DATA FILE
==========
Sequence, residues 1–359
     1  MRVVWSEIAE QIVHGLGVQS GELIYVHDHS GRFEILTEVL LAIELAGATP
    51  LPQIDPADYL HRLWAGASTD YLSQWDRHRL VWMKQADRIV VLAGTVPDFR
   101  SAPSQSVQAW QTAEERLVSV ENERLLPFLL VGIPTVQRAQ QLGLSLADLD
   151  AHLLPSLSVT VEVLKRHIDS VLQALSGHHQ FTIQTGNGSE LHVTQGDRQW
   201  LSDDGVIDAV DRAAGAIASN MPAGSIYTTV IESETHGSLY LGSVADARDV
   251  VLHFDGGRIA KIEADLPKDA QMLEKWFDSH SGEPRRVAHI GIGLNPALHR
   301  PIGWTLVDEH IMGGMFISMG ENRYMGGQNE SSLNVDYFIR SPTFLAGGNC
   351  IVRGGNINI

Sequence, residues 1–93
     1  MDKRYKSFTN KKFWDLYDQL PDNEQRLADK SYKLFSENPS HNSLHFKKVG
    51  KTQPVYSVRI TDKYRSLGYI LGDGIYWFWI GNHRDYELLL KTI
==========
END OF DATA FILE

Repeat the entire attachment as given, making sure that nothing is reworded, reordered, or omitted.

Sequence, residues 1–359
     1  MRVVWSEIAE QIVHGLGVQS GELIYVHDHS GRFEILTEVL LAIELAGATP
    51  LPQIDPADYL HRLWAGASTD YLSQWDRHRL VWMKQADRIV VLAGTVPDFR
   101  SAPSQSVQAW QTAEERLVSV ENERLLPFLL VGIPTVQRAQ QLGLSLADLD
   151  AHLLPSLSVT VEVLKRHIDS VLQALSGHHQ FTIQTGNGSE LHVTQGDRQW
   201  LSDDGVIDAV DRAAGAIASN MPAGSIYTTV IESETHGSLY LGSVADARDV
   251  VLHFDGGRIA KIEADLPKDA QMLEKWFDSH SGEPRRVAHI GIGLNPALHR
   301  PIGWTLVDEH IMGGMFISMG ENRYMGGQNE SSLNVDYFIR SPTFLAGGNC
   351  IVRGGNINI

Sequence, residues 1–93
     1  MDKRYKSFTN KKFWDLYDQL PDNEQRLADK SYKLFSENPS HNSLHFKKVG
    51  KTQPVYSVRI TDKYRSLGYI LGDGIYWFWI GNHRDYELLL KTI